HOW does an airliner vanish into thin air?
It’s the question on the lips of millions across the world after Malaysian Airlines flight MH370 disappeared.It went missing last Saturday with 239 people on board on its way from Kuala Lumpur to Beijing.
Here we look at four other mysteries and reveal some of the theories that have been put forward to explain them.
Strange trips into the unknown: The Bermuda Triangle
AS far back as 1492, explorer Christopher Columbus is said to have reported strange events in a triangular area of sea between Miami, Bermuda and Puerto Rico, now known as the Bermuda Triangle.
In 1918, a cargo ship called the USS Cyclops disappeared in the region. No wreckage was found, nor any of the 300 crew.
Then on December 5, 1945, five US Navy bombers disappeared with their 14 crew while on a training exercise, flying out from Fort Lauderdale, Florida.
Two hours into the mission Lieutenant Charles Taylor, who was in charge, reported that neither of his compasses were working and that he could not pinpoint his position.
Flight 19 then appears to have flown further out to sea.
Neither the planes or their crews were ever seen again.
Chillingly, a Mariner rescue plane sent to find them also disappeared without a trace, along with its 13 crew, shortly after taking off. In the years that followed more planes and ships apparently went missing in unusual circumstances.“A boarding party found a ghost ship, with no sign of damage. But its only lifeboat was missing – along with the ship’s 10 passengers and crew”
But one of the weirdest incidents involved pilot Bruce Gernon.
In 1970 he was flying from the Bahamas to Florida when his plane entered an odd cigar-shaped cloud.
Inside, Gernon found that he was surrounded by a strange electronic fog that made his compass spin wildly.
The plane passed through safely.
But, bizarrely, Gernon suddenly discovered that he was over his destination half an hour before he should have been – suggesting that the aircraft had somehow travelled in time.
The theories: Rogue waves, waterspouts as well as the presence of mysterious magnetic fields have all been blamed for the unnerving incidents in the Bermuda Triangle.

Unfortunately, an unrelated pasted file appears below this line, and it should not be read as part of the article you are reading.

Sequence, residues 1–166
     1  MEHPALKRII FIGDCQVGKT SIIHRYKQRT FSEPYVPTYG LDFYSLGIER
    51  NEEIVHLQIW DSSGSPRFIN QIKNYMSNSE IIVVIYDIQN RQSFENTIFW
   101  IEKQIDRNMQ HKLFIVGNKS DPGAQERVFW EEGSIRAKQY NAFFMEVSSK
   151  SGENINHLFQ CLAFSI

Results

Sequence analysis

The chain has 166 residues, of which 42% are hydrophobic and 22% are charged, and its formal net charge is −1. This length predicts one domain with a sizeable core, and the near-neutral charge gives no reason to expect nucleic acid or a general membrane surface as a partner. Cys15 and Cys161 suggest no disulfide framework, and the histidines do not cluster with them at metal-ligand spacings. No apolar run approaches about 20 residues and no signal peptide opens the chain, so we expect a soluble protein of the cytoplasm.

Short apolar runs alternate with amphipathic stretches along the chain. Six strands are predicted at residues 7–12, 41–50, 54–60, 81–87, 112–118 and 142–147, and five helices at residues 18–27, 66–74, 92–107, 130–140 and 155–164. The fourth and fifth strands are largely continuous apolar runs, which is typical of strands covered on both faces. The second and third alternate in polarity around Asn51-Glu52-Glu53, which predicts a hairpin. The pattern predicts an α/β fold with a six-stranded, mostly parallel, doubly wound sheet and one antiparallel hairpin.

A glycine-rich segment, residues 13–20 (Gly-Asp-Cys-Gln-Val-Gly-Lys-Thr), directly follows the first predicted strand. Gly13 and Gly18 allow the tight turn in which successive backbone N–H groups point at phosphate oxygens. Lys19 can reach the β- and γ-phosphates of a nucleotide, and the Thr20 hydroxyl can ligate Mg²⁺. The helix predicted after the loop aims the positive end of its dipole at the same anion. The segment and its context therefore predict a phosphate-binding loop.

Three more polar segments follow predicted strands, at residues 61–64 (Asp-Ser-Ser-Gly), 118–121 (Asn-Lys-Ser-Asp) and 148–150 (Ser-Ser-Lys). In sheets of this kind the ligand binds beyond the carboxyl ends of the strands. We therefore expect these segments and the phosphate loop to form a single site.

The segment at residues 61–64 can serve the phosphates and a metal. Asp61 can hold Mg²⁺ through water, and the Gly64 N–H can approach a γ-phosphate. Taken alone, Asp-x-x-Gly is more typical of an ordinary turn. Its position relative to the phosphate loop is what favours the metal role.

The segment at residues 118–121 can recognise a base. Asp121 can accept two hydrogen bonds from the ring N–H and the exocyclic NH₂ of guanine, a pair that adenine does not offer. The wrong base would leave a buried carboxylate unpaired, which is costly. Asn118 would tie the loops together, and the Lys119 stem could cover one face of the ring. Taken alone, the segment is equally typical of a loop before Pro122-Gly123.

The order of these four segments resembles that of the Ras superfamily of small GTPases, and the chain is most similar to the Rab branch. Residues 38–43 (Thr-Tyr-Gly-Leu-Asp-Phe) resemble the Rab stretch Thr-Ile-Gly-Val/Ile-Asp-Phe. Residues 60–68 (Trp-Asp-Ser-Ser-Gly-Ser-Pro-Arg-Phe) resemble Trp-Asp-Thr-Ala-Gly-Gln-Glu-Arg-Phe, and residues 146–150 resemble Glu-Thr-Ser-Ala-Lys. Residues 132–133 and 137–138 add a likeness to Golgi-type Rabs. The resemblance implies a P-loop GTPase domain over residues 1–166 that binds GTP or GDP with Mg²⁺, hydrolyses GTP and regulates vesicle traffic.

Some scientists have suggested that methane bubbles floating to the surface in the area could disrupt water buoyancy and produce potentially explosive air pockets.
A wilder theory suggests that the area is the location of the lost city of Atlantis and that energy from crystals used to power it are responsible for destroyed ships and planes.
It sounds far-fetched until you learn that a rock formation in the style of a pavement was found in seas near the Bimini Islands in 1968.
UFO hunters think that the lack of wreckage or survivors in most cases suggests alien abduction.
IN the early evening of July 17, 1996, Trans World Airline Flight 800 took off from JFK airport in New York on its way to Paris.
Just 12 minutes later the 747 exploded in mid-air off the coast of Long Island and crashed into the sea.
All 230 people on board were killed – and the incident is the third-deadliest accident involving an airliner in US history.
What made the crash unusual was that around 200 eye witnesses said they had seen a streak of fi re heading upwards, towards the plane just before the crash.
The theories: More than 90% of the wreckage was recovered and initially a criminal investigation was launched by the FBI.
Four years later an official report concluded that the crash was probably caused by an electrical short circuit that set fi re to vapour in a fuel tank causing an explosion.
But sceptics insist there has been a cover-up and say that the real cause was a missile strike either from a terrorist or mistakenly fi red by a US Navy vessel.